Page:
The Cambridge company looking to provide UK-wide 5G coverage via hydrogen-powered aircraft

Image credit: Stratospheric Platforms

Cambridge company is looking to provide UK-wide 5G coverage via hydrogen-powered aircraft. If rolled out, the solution could put an end to inconsistent, unreliable internet connectivity in rural and secluded areas.

Stratospheric Platforms (SPL) says it has developed a high-altitude, hydrogen-powered aircraft (technically known as a HAP or High Altitude Platform) which can provide uninterrupted 5G connectivity direct to consumer smart phones across areas as wide as 140km and at the same time, direct broadband connectivity to properties.

Backed by Deutsche Telekom, SPL was launched in 2016 to tackle the wide-area technological challenges facing 5G adoption.

SPL has put a proposal to the government via the Department for Digital, Culture, Media & Sport for complete 5G coverage of the UK with a small fleet of aircraft.

Operating from an airfield such as Prestwick Spaceport, Stratospheric says the HAPs, which are currently at demonstrator level, could provide full geographic ubiquitous telecommunications coverage to the whole of the UK and even large parts of Northern Europe.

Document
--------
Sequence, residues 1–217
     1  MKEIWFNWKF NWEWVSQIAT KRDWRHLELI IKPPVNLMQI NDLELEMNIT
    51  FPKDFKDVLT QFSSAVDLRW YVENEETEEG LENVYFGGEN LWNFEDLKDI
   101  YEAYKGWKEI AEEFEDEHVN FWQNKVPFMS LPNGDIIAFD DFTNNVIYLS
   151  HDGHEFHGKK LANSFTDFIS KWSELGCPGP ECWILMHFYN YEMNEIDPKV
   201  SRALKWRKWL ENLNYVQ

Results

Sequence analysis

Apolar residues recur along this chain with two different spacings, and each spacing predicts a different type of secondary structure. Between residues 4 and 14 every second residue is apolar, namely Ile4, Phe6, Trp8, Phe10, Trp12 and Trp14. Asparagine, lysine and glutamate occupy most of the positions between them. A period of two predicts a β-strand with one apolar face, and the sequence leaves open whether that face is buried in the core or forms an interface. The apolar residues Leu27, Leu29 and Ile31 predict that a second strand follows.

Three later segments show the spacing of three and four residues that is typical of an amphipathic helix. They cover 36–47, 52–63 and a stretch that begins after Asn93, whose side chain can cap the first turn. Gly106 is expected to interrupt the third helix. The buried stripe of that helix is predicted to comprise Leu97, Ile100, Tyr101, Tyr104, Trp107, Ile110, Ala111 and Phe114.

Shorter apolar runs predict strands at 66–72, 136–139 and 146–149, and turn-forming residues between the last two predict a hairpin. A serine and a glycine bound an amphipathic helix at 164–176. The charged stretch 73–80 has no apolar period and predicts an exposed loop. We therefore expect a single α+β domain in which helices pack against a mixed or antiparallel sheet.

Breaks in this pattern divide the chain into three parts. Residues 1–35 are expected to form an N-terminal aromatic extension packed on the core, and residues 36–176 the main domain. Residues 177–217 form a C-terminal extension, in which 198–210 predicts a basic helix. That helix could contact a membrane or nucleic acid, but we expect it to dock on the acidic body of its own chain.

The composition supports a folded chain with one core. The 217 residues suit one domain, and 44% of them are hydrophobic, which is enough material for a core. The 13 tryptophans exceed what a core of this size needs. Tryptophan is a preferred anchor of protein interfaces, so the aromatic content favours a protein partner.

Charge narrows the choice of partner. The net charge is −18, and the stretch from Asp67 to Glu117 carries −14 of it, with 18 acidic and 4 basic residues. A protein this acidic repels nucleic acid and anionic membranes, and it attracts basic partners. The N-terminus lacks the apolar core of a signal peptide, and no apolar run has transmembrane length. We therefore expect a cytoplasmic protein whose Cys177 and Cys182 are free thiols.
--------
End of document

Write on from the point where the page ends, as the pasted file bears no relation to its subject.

The Stratomast HAP system would particularly benefit remote and rural areas that don’t typically get fast, reliable internet connectivity. All would-be customers need to take advantage is a standard mobile phone for mobile connectivity or, for home broadband services, a low-power MiFi device (costing less than £100). The beauty of this setup is that there is no requirement for unsightly, expensive additional infrastructure or towers on the ground. It also removes the need for costly fibre-optic cables to laid across the seabed to islands or rural communities.

For rural businesses such as farming, fishing and tourism, the possibilities are exciting. For example, they could increase their efficiency by being able to use IoT devices anywhere and access big data.

Neil Taylor, business & systems analyst and a co-founder at Stratospheric Platforms, said: “Scotland is a very ready market from our point of view as its population is so low, especially in the Highlands and on the islands.”

“The expectation is that it [the HAP] will stay in the air for between five and nine days – depending on conditions such as wind speed – and has a 30,000km range. The whole idea is that it will get into the stratosphere and then loiter in a 10km circle at 60,000 feet. It can beam out a 5G signal around 50km, depending on the various levels of service. The maximum would be 70km – 30km in a densely populated area.

“We have the platform, 5G array and the aircraft,” concludes Neil. “That’s unique.”

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